"Out of all of the sects in the world, we notice an uncanny coincidence: the overwhelming majority just happen to choose the one that their parents belong to. Not the sect that has the best evidence in its favour, the best miracles, the best moral code, the best cathedral, the best stained glass, the best music: when it comes to choosing from the smorgasbord of available religions, their potential virtues seem to count for nothing compared to the matter of heredity. This is an unmistakable fact; nobody could seriously deny it. Yet people with full knowledge of the arbitrary nature of this heredity, somehow manage to go on believing in their religion, often with such fanaticism that they are prepared to murder people who follow a different one."From my mid-teens to mid-twenties, I frequently scribbled Dawkins' quotations in my journals and extensively annotated his books. His intelligence and wit, coupled with his supreme confidence in the promise of science, offered a beacon to which I was drawn. E.O. Wilson, the famed entomologist and another hero of mine, calls for rationalists to "light a brighter candle and chase back the darkness." Dawkins did just that. I adored him for it. In a nod to the man and his work, I continue to wear t-shirts and carry tote bags that read "Atheists for Jesus" or "Charles Darwin Has A Posse." These reflect elements of Dawkins' perspective that I still value. And like Dawkins I continue to label myself an atheist despite recognizing that the stance requires as much faith as a belief in God does. One can not disprove the existence of God any more readily than one can prove it; atheism and belief are therefore flip sides of the faith coin. (A previous post, "Atheists, Naturalists and Fundamentalists" offers a more complete consideration of this idea, as well as some insightful comments by readers.)
But perhaps, all these years later, I've become skeptical of the self-assured position, or rather I've become a traditional skeptic, an individual given to the belief that any and all knowledge is uncertain. As H.L. Mencken quipped, "We are here and it is now. Further than that all human knowledge is moonshine."
I assume that Dawkins would find my position untenable; he may even argue that it is nihilistic or defeatist in attitude. Furthermore, he would certainly dub my animist beliefs "supernaturalist obscurantism." I disagree, of course, but I wouldn't dare engage him in direct debate; Dawkins' stridency makes it difficult to spar with him. In fact, Dawkins was nicknamed "Darwin's Rottweiler" by Oxford theologian Alister McGrath. The moniker is apt; Dawkins is dogmatic to a fault.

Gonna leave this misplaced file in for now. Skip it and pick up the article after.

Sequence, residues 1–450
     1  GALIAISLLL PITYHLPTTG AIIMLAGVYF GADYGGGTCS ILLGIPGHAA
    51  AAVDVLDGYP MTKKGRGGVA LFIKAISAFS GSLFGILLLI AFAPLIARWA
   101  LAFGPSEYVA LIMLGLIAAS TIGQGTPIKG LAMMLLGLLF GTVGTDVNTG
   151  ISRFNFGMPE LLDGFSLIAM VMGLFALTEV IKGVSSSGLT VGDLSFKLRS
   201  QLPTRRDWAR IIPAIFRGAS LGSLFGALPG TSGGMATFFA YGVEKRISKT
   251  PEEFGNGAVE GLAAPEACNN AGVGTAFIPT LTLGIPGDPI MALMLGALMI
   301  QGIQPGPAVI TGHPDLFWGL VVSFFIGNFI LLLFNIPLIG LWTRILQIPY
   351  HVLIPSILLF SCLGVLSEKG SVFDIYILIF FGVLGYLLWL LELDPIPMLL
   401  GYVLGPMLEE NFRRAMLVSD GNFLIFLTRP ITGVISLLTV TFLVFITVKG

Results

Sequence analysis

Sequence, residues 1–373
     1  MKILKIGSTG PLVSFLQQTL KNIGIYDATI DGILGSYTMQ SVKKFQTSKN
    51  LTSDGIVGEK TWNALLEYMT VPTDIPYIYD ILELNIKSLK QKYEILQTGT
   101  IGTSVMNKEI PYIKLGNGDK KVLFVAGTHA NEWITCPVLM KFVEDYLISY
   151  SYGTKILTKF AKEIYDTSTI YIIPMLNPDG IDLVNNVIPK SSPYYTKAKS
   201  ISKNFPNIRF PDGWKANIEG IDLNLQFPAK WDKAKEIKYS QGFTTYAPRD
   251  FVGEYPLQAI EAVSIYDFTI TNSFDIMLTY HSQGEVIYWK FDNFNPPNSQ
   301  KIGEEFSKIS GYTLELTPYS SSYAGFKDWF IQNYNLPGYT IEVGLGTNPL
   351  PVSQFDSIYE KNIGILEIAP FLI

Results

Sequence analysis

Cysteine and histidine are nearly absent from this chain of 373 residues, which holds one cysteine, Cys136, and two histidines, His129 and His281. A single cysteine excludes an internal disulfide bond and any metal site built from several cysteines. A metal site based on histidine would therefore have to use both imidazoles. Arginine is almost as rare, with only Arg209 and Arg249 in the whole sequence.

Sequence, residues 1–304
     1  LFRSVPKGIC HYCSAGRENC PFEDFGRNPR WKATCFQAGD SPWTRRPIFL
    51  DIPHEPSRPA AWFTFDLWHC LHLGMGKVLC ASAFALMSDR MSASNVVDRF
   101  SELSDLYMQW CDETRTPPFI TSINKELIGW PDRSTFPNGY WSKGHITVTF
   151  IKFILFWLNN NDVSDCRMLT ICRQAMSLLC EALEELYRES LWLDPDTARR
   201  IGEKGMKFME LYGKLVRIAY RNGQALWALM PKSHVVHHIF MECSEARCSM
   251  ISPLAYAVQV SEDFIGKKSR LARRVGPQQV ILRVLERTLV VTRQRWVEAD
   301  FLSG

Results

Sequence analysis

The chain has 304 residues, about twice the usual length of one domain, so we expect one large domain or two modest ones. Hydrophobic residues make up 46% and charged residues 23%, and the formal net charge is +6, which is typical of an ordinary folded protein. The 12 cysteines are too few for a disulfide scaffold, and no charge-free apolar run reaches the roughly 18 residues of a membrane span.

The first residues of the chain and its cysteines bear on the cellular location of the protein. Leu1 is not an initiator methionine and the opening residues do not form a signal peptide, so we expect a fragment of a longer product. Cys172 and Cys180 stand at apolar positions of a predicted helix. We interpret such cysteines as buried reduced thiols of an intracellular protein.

During the call-in segment of the WNYC interview, Dawkins refused to consider a caller's assertion that the Big Bang is "in concept a kind of creation, and that much closer to the concept of a Creator - if not an anthropomorphic one." Why? The caller wasn't asserting that this creation was the event described in Genesis, just that the Big Bang itself, as a scientific theory, is a variety of creation. And so it is. But Dawkins played semantic games to avoid thoughtful consideration of the caller's point. "It's not a creation by an intelligence, it is something we don't understand. It's a coming-into-existence which physicists are now working on."
I'm troubled by his incomplete response for two reasons. Firstly, it ignores the necessity of a finite mind to locate a prime mover or impulse. Secondly (and particularly vexing), Dawkins is totally unwilling to allow for mystery. He admits that we don't understand what preceded or caused the Big Bang, yet rather than invest that void with magic or wonder, he turns it into dulled data; physicists are "working on" it, he tells the caller. But physics is a science of imagination; our finite minds must grasp at abstractions to explain the infinite universe and all its properties, most of which we are unable to sense, much less comprehend. At the very least Dawkins could have celebrated this artful thinking in the same way he does poetry, which he dubs "spiritual."
I believe Dawkins remains a man fueled by wonder. I just wish he wouldn't be so damned defensive about it. It would be much easier for me to continue holding him in high regard if he made room for a little old-fashioned skepticism and focused on the virtues of what he does believe, rather than the failures of that which he doesn't.
Photo credit: Image of Dawkins ripped from San Francisco Gate website